The Bloody Angle

The Bloody Angle

The Bloody Angle

Whatever happened to southern rock? For a while it was under the weather with a bad case of the Indie Flu, but now it’s back and sassy as ever. The Bloody Angle are so authentic that they recorded direct to analog tape with no Autotune, edits, or overdubs. Who knew you could still do that today? The result is a consistent album full of story songs, excellent musicianship, and composition that is fresh and exciting without getting artsy or weird.

The title song “Bloody Angle” retells the story of a particularly nasty Civil War battle at Spotsylvania. “Sarah” tosses a baby into the well out of shame. “The Devil’s Runnin’ Scared” takes us to a tent meeting that doesn’t just proselytize but brings the hammer of God’s justice down on some sinners, even though their sin wasn’t anything any of us haven’t done on a Saturday night.

Vocals come from the band’s founder, Matt Singleton, and while he doesn’t sound exactly like Hank Sr., he hails from the same “rode hard and put away wet” school of country vocals. Behind him we hear lead guitarist Jason Butler. His sound is distinctly electric, ranging from Lynyrd Skynyrd to Molly Hatchet. He pulls off some interesting harmonies with bassist Brian Temples, and since they pinky swear there’s no multi tracking, I think they tuned the bass and guitar to the same key to get that warm fuzzy layered effect on strings. Overall these boys strike the right balance between old school pain and twang and modern angst and introspection. I’m very happy to discover this band; it makes up for oh-so-many others.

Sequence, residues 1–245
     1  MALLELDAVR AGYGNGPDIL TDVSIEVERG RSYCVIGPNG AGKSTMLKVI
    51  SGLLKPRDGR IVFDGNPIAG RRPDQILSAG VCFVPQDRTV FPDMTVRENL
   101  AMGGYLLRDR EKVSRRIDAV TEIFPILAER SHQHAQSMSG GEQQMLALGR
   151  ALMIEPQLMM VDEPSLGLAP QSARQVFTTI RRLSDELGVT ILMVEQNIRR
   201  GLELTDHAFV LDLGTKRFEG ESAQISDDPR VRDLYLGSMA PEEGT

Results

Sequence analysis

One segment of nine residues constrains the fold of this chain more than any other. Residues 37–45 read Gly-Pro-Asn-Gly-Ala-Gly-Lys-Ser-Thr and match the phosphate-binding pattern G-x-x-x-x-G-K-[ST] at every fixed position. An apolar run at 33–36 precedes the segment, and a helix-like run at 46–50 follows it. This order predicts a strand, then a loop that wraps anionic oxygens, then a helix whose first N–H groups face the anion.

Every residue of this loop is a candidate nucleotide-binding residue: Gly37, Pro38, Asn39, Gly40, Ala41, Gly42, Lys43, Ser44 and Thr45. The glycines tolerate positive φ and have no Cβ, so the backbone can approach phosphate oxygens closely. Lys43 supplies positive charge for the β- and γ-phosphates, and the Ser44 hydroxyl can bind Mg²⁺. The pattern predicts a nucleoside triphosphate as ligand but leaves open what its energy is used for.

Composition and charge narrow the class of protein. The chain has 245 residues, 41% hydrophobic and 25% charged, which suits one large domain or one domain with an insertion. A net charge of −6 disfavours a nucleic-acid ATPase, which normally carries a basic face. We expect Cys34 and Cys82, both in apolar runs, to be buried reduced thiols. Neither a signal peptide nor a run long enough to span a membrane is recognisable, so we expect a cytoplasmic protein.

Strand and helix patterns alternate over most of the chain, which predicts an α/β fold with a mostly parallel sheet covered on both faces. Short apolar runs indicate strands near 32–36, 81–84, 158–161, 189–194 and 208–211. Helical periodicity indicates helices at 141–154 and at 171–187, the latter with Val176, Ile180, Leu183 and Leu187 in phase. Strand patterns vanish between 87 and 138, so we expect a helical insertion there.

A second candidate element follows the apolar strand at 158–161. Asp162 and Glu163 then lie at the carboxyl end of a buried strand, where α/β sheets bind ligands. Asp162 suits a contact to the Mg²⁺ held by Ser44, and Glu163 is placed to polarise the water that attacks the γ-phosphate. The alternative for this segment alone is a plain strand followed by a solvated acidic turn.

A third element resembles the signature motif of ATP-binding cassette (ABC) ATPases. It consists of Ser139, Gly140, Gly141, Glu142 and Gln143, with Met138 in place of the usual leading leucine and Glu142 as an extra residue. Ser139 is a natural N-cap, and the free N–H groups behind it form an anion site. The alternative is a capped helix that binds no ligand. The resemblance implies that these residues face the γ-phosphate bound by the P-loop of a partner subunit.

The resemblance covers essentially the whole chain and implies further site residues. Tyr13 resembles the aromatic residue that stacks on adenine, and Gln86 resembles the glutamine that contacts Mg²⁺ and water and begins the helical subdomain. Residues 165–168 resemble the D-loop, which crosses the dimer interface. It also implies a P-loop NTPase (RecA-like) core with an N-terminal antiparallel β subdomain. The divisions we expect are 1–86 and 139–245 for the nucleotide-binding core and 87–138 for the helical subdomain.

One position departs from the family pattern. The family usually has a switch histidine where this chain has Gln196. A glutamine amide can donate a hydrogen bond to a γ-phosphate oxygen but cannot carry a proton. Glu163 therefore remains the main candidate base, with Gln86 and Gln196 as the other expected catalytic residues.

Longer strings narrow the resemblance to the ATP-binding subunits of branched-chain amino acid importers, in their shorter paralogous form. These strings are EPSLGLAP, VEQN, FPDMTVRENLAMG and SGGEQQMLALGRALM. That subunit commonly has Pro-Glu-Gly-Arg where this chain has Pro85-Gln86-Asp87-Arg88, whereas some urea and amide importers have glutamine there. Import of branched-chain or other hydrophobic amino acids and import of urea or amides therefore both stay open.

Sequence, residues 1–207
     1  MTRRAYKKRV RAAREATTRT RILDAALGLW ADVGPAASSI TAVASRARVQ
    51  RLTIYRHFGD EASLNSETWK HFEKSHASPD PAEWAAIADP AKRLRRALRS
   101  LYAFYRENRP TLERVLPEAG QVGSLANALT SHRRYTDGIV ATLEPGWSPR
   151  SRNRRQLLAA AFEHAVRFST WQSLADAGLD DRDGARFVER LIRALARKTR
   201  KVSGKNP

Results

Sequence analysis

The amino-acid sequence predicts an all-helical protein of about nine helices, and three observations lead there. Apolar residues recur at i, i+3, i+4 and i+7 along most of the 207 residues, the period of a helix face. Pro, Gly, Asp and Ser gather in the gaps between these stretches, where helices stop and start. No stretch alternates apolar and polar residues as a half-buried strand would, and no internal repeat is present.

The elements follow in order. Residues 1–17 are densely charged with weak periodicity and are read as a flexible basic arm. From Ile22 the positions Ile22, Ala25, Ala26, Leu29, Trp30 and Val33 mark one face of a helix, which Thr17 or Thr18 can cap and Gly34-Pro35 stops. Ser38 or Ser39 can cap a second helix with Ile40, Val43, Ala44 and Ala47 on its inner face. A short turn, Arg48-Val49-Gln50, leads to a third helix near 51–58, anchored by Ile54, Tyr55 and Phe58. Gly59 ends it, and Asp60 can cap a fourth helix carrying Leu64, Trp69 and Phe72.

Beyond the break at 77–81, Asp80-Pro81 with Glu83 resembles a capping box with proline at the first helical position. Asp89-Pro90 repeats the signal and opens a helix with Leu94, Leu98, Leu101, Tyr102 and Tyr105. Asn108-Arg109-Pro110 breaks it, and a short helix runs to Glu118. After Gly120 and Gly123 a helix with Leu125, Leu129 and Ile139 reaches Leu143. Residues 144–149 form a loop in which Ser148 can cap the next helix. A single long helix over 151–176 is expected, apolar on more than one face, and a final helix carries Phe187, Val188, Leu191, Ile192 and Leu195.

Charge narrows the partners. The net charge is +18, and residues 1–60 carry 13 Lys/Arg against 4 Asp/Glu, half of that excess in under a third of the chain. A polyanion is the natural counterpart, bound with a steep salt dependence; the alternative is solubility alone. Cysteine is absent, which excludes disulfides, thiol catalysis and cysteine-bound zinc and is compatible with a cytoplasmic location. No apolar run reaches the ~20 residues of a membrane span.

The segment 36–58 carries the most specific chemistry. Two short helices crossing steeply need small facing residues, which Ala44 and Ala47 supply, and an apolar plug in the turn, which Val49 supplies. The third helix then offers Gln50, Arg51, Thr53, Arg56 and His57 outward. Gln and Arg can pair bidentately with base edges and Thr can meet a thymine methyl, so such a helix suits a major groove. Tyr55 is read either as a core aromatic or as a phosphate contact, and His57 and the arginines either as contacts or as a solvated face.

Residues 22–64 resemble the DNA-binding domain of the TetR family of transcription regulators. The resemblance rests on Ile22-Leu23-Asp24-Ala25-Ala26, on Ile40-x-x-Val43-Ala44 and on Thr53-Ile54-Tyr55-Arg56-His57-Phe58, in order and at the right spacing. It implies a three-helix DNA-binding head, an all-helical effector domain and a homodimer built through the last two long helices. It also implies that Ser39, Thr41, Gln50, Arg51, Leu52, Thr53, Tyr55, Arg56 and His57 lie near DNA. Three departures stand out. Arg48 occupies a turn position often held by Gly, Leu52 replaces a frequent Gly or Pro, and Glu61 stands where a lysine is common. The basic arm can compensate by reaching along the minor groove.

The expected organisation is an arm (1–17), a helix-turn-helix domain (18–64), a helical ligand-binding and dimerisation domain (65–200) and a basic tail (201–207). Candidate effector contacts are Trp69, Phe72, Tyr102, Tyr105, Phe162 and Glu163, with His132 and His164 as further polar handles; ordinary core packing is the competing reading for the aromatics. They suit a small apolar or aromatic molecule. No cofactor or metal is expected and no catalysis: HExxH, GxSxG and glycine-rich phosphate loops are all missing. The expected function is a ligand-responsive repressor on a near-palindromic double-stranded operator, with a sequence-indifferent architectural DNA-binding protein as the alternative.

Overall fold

The Bloody Angle:

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